Hiroshima : 70 Years After the A-bombing

Hiroshima: 70 Years After the A-bombing: Notebook used in writing A-bomb novel given to Hiroshima Peace Memorial Museum

by Yuichi Ishii, Staff Writer

On February 18, a notebook owned by author Tamiki Hara (1905-1951), a Hiroshima native and survivor of the atomic bombing, was entrusted to Hiroshima Peace Memorial Museum by Mr. Hara’s family. Mr. Hara was using this notebook at the time of the atomic bombing, and it became the basis for his novel Summer Flowers.

Along with handwritten materials by two other writers who survived the bombing, the Association of Preservation Data on Hiroshima Literature hopes to have this notebook added to the Memory of the World Register by the United Nations Educational, Scientific and Cultural Organization (UNESCO). For inclusion, factors such as the availability of the material to the public and its means of preservation are taken into account. For this reason, Mr. Hara’s family is determined to lend its support to the association’s efforts with its contribution.

Tokihiko Hara, 80, Mr. Hara’s nephew, who had kept the notebook at his home, along with two other notebooks used by the author, visited the museum and handed them to Kenji Shiga, the director of the museum. The nephew, who had carried the notebook with him while serving as a guide to A-bombed sites in the city, said, “I hope this notebook casts doubt on the atomic age and conveys the cruelty of the atomic bombing to people all over the world.”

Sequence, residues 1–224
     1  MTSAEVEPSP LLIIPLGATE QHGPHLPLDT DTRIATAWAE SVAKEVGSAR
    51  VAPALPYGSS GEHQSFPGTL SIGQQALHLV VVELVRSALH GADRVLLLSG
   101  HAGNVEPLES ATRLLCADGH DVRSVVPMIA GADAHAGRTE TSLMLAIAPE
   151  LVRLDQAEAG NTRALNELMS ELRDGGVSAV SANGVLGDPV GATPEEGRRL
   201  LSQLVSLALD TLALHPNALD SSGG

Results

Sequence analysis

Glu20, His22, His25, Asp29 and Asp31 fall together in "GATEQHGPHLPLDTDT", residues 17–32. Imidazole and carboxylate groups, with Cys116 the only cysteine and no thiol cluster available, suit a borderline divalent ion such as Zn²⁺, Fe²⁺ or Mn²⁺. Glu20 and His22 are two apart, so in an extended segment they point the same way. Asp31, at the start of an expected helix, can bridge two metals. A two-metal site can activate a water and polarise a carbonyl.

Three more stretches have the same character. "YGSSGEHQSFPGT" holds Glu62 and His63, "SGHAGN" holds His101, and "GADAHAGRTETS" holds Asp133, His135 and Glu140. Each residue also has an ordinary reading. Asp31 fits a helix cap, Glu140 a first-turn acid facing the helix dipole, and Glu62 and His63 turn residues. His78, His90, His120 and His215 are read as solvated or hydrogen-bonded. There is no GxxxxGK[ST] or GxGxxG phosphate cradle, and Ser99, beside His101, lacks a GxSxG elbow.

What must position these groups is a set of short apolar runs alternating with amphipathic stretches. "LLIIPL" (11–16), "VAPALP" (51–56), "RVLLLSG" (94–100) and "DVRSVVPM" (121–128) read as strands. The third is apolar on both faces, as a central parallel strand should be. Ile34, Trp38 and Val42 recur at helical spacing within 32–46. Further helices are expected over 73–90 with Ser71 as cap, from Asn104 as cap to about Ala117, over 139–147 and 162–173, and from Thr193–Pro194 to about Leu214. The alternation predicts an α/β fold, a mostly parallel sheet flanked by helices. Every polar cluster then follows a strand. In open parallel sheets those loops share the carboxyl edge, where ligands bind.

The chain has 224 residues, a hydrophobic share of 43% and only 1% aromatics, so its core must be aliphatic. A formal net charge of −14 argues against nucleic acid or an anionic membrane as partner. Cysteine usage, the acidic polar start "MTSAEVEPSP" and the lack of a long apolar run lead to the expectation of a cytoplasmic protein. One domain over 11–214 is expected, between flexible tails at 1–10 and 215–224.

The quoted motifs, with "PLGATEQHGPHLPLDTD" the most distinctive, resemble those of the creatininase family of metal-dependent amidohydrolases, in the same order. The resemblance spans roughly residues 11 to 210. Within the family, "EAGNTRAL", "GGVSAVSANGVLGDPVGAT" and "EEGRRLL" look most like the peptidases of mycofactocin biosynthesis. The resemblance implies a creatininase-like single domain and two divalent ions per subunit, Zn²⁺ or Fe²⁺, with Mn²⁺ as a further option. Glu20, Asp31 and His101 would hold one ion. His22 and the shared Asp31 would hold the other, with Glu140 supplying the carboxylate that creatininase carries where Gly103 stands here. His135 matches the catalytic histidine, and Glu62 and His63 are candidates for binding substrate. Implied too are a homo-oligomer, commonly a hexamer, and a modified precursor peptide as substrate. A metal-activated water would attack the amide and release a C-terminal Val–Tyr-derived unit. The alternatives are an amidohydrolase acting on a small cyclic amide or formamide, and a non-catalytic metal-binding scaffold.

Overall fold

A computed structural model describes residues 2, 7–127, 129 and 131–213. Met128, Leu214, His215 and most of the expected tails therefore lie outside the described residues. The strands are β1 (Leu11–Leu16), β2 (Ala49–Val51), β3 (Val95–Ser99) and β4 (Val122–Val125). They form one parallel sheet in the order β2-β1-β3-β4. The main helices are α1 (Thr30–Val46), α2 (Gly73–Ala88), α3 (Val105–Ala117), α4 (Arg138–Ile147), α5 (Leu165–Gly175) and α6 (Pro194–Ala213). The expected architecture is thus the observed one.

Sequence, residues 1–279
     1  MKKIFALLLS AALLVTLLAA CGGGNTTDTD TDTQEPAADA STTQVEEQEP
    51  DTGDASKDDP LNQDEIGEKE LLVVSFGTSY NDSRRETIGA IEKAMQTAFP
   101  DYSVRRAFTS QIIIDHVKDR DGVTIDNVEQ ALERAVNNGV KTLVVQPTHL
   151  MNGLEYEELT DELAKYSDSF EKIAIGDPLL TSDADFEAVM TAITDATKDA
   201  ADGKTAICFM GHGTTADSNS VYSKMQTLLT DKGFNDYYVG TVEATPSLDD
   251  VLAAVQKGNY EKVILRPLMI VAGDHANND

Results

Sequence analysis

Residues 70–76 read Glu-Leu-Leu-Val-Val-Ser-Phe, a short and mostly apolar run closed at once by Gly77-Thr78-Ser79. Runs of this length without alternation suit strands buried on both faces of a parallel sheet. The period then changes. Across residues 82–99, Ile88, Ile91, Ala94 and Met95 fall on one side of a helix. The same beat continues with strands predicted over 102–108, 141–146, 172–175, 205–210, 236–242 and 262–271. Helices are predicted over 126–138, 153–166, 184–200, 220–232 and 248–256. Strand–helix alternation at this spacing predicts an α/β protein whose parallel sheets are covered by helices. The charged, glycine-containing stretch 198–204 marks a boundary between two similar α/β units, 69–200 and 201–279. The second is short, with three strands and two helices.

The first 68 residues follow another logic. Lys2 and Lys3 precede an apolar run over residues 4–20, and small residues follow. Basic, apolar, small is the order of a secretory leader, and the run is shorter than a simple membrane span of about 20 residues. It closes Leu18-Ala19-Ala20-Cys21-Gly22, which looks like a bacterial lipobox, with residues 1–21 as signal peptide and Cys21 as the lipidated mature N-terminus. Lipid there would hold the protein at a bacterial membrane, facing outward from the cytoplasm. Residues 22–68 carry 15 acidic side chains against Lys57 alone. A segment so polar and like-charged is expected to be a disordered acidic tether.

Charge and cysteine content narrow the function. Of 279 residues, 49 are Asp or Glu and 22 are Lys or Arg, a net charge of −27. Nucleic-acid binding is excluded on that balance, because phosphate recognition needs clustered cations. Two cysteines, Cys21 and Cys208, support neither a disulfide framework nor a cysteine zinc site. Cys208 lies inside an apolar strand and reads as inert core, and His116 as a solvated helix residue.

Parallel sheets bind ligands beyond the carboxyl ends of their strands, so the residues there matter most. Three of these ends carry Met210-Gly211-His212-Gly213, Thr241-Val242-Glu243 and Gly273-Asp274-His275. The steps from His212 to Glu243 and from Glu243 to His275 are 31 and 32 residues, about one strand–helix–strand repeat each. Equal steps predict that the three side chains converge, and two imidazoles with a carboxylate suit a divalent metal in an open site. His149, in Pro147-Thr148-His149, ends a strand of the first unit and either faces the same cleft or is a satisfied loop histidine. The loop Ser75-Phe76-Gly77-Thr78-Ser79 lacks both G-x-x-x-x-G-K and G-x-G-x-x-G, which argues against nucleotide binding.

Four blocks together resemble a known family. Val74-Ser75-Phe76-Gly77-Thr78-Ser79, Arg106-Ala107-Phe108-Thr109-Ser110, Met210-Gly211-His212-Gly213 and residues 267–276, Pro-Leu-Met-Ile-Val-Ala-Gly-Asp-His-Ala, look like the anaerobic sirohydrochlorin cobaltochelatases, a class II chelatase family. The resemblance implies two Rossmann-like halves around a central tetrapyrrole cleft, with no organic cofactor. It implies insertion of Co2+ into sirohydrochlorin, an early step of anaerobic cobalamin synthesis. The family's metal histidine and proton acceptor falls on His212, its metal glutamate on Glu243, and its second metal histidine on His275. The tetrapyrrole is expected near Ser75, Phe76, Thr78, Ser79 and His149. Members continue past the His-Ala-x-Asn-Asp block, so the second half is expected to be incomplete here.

Mr. Hara was a well-known writer prior to World War II. He survived the atomic bombing while at his parents’ home in Noborimachi (in today’s Naka Ward). The next day, after fleeing to Hiroshima Toshogu Shrine in Higashi Ward, he opened his notebook and began writing: “Around 8:30 a.m. on August 6, there was a sudden air strike which decimated the entire city in an instant.” He put down in detail, in pencil, all that he had witnessed during his escape.

Later, he noted, “It would be Heaven’s will for me to live on and convey this catastrophe to others,” indicating the sense of mission he felt as a man of letters.

Mr. Shiga mentioned that he will consider holding a special exhibition at the museum to show the notebook to the public. “I feel I should now take over Mr. Hara’s mission,” he said.

(Originally published on February 19, 2015)